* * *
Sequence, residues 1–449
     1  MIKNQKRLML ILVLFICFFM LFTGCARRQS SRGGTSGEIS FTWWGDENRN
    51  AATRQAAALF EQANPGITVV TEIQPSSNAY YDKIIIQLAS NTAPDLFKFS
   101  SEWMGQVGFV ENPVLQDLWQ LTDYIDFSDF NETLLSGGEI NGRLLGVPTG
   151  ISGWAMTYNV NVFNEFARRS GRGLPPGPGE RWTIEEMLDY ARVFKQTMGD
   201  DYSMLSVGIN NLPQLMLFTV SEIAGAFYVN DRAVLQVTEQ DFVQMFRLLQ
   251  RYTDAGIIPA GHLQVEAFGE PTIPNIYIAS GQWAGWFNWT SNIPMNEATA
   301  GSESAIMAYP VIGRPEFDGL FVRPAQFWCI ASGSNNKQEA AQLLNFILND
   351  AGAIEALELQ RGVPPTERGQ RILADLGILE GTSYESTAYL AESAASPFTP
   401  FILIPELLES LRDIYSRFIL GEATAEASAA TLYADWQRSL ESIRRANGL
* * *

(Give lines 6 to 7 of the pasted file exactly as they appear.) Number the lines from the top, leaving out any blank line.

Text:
   201  DYSMLSVGIN NLPQLMLFTV SEIAGAFYVN DRAVLQVTEQ DFVQMFRLLQ
   251  RYTDAGIIPA GHLQVEAFGE PTIPNIYIAS GQWAGWFNWT SNIPMNEATA